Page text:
Washington area feds, who are often portrayed as an overpaid, spoiled bunch, must have gotten a kick out of yesterday's Style section story in this newspaper about the private sector's reaction to proposed expense account cutbacks.

To write "The $25 Lunch? Baloney!", a Washington Post reporter went to some of our town's posh eateries. A number of private-sector diners, pausing to put tongue in cheek, commented on the Reagan plan to put a lid on tax-deductible business meals.

The luncheon crowd of lobbyists and lawyers said the proposed cutbacks would, in effect, be the end of civilization as they know it!

Rank-and-file civil servants view all this with wonder. That's because they don't get expense accounts to take clients -- or themselves -- to lunch. Rules bar some feds from accepting as much as a BLT from people they do business with. As a result, expense accounts are something the typical fed reads about while squeezed in a booth at McDonald's or standing in line at an agency cafeteria.

An attorney interviewed for The Post story said he didn't know any place where one could purchase a caviar sandwich for less than $25. He said he rarely had a lunch that cost less than the proposed limit -- $25 a person plus half of the amount over that.

Several lobbyists said they would have to either pick clients who were on diets or limit everyone to lettuce and water lunches.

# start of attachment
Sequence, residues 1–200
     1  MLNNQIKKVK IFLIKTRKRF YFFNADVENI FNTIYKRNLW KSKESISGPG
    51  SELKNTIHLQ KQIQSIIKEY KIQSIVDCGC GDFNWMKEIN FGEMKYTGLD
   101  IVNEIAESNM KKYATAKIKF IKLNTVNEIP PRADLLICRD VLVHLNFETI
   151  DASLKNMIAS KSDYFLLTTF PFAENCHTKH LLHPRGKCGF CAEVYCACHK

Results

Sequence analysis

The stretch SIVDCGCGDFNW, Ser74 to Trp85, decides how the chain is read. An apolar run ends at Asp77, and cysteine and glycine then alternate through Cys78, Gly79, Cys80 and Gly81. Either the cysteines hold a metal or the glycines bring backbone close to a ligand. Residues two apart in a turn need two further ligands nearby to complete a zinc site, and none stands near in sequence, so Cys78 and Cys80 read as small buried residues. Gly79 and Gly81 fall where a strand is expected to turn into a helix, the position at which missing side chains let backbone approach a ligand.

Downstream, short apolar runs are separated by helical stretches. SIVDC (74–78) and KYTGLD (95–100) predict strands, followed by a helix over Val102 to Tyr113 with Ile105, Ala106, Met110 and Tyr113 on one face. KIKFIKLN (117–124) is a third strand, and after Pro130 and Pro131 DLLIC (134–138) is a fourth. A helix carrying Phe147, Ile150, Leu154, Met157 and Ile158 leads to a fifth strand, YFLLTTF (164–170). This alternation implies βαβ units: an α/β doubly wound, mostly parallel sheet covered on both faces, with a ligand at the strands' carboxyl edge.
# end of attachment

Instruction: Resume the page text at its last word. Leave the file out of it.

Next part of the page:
Federal workers can be excused if they seem unsympathetic.

For example, a former Foreign Service officer recalls being in a Central American post in the 1960s when a hurricane wiped out the town where he lived. No supplies or mail could get in.

"It took us days to reestablish contact with Washington," he said. "When we did, the first message we got from the State Department didn't inquire about our health or safety.

"What it said was something like 'We presume, in view of current conditions, that there will be no entertaining for some time, so we are withdrawing your representation [entertainment] allowance,' which was about $600 a year."

When supplies ran out shortly after that, he said, the American consulate staff lived on British Army rations for weeks until food, and money to buy it, arrived.

Another caller yesterday said: "I know the people being interviewed [by The Post] were giving it the light-hearted treatment. But many people in the expense-account . . .set are very free with their criticism of 'the bloated bureaucracy' and of bureaucrats. They never stop to think that some of the perks industry takes for granted don't exist in the government."